So, here are eight key qualities – in alphabetical order – that good leaders should possess (or develop), and utilize:
Attitude is always a choice. You can’t control your circumstances, but you can control your reaction and your outlook. And because you control your attitude, you can change your attitude. One of the things an old boss told me (I think he was talking about my bad attitude) was,
“You know, I can always tell when one of my managers has a bad attitude . . . I can see it in their people.”
Attitude is contagious; whatever yours is, sooner or later it’ll infect your people. What does your team’s performance and morale say about your personal attitude?
Character has been defined as the moment-by-moment choices of right and wrong; it’s who we really are when no one else is watching. When our character is trusted by others, following becomes natural.
“Character is critical also because if people buy into the messenger they’re more likely to buy into the message.
Consistency and transparency are two key elements of character that allow people to “buy in”. What does your character say about who you REALLY are?
Charisma, rather than simply being an internal magnetism that draws others, is a reflection of the leader’s interest in others.
“It is the ability to make others feel better about themselves.”
Charisma contains perspective, enjoyment, humility, and self-confidence. It is generated by demonstrating to other people that we care for them, that who they are, and what they do and say is important to us.
One of Bill Clinton’s most formidable skills was the ability to talk to someone, even in the midst of a thousand people, and make them feel as if they were the only other person in the room.
It is “other-directed”, not self-directed. What is your “Charisma Quotient”?
Competence is the leader’s demonstrated expertise in handling his/her job demands. If the leader can smoothly manage the people in their charge, the various tasks and stresses inherent to the job, and their complete 360 degree relationships, the people will see that. If the leader can convincingly say “Follow me!”, and people want to go along because of the leader’s example, that leader possesses perhaps the key quality among these eight.
People want to, they need to, and they’ll only, follow demonstrated expertise.
Humor, in this context, is not about being entertaining, or witty, or a performer. Humor means seeing the lighter side of situations, to laugh at ourselves (especially our mistakes or weaknesses), to share a joke – as either teller or hearer – and not be a wet blanket around others.
A sense of humor helps the leader cope with mistakes, tolerate unpleasant people, accept surprises of every kind, and still smile and be encouraging amidst terrible circumstances. How about you? Are you ever an object of or a participant in the fun?
Listening is perhaps the hardest and most important communications skill. The best way to do this is to focus on the person first, the message second. Therefore, listening should be done first with the eyes and emotions, and last with the ears.
“More followers are drawn by ear than by mouth, because a good listener is more treasured by most people than a great speaker.”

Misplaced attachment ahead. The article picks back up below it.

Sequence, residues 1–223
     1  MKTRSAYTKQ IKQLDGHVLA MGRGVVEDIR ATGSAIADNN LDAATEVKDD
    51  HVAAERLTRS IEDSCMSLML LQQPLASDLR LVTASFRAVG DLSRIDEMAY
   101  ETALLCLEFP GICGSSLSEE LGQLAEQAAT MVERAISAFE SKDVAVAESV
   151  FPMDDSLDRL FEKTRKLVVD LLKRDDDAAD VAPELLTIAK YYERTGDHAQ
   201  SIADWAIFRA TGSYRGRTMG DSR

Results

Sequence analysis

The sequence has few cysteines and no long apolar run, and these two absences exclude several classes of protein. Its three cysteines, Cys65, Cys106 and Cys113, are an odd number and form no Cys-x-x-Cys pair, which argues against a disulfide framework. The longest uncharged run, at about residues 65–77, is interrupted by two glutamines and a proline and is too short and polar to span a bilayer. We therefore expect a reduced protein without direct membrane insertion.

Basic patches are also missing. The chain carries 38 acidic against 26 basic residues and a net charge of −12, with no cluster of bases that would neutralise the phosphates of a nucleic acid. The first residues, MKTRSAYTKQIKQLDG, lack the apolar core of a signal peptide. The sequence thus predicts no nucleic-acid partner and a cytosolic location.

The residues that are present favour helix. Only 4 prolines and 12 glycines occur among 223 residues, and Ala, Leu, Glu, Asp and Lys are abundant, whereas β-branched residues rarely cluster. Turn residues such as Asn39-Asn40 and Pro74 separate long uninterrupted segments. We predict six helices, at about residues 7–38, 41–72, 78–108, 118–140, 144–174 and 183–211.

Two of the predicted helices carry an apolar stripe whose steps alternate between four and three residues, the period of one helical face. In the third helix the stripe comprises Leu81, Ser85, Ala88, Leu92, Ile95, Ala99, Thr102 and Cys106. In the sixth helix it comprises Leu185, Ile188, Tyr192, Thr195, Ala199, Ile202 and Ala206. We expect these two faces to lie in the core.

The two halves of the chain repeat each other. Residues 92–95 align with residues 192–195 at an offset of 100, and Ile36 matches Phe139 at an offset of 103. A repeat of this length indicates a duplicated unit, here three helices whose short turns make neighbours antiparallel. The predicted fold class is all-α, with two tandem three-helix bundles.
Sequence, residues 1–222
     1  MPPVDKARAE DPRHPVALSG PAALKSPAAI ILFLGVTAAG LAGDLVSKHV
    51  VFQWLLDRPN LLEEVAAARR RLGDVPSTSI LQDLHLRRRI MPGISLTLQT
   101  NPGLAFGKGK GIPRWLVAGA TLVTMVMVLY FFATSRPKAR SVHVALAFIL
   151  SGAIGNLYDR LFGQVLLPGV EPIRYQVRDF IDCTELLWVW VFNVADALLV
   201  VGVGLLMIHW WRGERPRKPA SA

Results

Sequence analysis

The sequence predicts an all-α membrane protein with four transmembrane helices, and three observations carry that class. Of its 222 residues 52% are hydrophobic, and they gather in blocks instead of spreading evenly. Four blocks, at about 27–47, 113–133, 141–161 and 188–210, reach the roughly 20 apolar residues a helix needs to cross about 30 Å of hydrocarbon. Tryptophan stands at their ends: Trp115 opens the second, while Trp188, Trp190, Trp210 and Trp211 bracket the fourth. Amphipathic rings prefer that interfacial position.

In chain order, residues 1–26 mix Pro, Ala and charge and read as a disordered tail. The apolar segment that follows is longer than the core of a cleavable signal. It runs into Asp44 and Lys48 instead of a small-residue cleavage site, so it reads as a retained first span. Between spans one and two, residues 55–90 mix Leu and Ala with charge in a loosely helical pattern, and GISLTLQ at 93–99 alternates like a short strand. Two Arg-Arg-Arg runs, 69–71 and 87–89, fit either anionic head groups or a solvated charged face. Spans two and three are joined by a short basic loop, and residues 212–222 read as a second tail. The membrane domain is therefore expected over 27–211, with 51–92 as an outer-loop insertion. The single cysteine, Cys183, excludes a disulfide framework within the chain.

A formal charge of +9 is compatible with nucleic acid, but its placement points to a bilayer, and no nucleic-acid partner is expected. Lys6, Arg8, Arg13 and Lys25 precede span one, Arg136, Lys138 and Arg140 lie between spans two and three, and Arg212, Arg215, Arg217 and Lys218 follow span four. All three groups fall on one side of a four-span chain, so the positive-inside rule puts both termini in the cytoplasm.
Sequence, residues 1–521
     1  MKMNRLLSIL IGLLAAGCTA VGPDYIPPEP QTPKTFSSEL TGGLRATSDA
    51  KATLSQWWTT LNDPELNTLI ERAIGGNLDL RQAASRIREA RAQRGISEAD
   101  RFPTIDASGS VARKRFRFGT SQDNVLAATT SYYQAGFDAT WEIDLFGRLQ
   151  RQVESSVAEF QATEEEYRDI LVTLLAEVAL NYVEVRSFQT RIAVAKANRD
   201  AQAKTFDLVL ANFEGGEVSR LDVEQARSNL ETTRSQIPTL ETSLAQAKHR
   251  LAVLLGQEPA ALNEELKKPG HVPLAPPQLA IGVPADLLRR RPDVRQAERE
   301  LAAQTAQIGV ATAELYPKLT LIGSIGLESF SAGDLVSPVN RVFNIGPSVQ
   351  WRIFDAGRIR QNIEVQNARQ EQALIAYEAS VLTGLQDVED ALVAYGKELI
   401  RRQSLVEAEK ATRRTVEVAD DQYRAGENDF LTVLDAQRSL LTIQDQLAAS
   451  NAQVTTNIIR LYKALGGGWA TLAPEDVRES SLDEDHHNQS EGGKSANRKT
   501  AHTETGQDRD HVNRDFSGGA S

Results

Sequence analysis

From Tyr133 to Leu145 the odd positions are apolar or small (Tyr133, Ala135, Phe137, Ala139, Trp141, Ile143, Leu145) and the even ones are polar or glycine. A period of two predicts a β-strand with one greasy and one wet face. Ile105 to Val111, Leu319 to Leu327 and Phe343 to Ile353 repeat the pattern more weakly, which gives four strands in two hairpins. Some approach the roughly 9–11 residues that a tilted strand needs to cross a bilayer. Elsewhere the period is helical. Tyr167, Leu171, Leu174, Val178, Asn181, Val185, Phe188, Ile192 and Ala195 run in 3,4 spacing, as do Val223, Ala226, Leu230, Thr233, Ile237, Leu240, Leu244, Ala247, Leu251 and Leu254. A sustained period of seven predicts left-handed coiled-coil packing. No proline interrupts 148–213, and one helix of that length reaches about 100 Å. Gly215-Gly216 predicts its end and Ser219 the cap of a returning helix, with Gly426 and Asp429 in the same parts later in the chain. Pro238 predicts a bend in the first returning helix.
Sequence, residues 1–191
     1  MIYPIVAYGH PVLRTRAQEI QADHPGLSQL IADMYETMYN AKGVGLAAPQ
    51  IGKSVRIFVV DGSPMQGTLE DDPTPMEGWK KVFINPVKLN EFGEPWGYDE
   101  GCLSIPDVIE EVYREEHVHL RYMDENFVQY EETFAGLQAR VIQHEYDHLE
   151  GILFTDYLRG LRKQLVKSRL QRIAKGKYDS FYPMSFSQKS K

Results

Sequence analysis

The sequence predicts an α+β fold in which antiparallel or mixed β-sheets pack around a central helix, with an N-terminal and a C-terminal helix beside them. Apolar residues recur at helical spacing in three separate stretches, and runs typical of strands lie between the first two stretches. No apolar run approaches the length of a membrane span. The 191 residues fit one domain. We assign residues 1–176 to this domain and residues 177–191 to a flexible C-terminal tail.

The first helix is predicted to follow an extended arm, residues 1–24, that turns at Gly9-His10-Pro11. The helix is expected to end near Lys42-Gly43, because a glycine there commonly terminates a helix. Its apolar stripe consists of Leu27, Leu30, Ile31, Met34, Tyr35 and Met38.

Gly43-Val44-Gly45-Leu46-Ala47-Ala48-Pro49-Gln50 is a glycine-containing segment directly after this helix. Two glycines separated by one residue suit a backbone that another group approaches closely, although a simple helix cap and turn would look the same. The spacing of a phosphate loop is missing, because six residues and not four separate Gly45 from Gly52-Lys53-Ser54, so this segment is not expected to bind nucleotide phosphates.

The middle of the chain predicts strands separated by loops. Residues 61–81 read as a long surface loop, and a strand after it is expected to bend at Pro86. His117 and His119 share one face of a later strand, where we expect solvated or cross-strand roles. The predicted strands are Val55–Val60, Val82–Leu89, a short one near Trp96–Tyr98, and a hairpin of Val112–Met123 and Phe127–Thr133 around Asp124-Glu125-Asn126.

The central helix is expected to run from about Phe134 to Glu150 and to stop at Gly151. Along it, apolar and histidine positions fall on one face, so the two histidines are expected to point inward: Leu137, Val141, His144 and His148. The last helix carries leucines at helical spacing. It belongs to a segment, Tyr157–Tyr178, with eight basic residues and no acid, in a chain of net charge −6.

The key to good listening is to remember that it is about the other person first, which is why it’s hard for so many managers, and why it’s necessary for a good leader. If your people had to take a test, what would they say? Are you a good listener?
Sociability is simply good people skills: the ability to get along smoothly and comfortably with other people. Because it’s not necessary for the leader to be an extrovert, these are skills that are learned, practiced, and sometimes faked, until developed.
Answer these questions:
- How to tell whether your “sociability skills” are up to par?
- Are your people comfortable when you’re around (or is the tension like having a cobra in a basket when you’re in their presence)?
- Can you hold a conversation without talking down, or lecturing, or correcting?
- Do you have the ability to be “in charge” without that fact overwhelming all?
If you can answer “yes” to these questions, then your “sociability rating” is well above average.
Vision, the last quality, is the ability to see possibilities before they become obvious; problems before they become crises; connections before they become tangible; opportunities before they occur to others; and direction while the compass needle is still gyrating.
One aspect of Vision is focus, and recalls an old Chinese proverb,
“If you chase two rabbits, both will escape.”
Focus contains two elements: internal and external. Internal focus is the leader seeing what he/she must do to become better, more effective personally.
External focus is similar, but outer-directed:
- What is the market saying?
- What are the customers telling us?
- Where are we strong?
- Where does the team need to improve?
Most good managers know about external focus, and realize that to ignore what’s “really” happening out there is to proceed at their own peril. But internal focus – for the leader – is just as necessary, and much less common.
There are many qualities that would help us to be good leaders. Author and speaker John Maxwell lists 21. Other writers have different lists, but these eight, by various names and descriptions, seem to be as close to a consensus as I can find.
However, what’s more important is where you stand.